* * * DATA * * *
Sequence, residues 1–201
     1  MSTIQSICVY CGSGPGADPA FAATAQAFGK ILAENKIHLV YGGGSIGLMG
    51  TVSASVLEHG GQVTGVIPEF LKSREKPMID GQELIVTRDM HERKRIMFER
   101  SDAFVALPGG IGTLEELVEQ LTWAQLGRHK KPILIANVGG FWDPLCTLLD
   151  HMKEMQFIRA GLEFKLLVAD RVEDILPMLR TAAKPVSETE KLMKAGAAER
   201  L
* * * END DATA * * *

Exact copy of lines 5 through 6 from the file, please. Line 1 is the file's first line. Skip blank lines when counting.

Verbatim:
   151  HMKEMQFIRA GLEFKLLVAD RVEDILPMLR TAAKPVSETE KLMKAGAAER
   201  L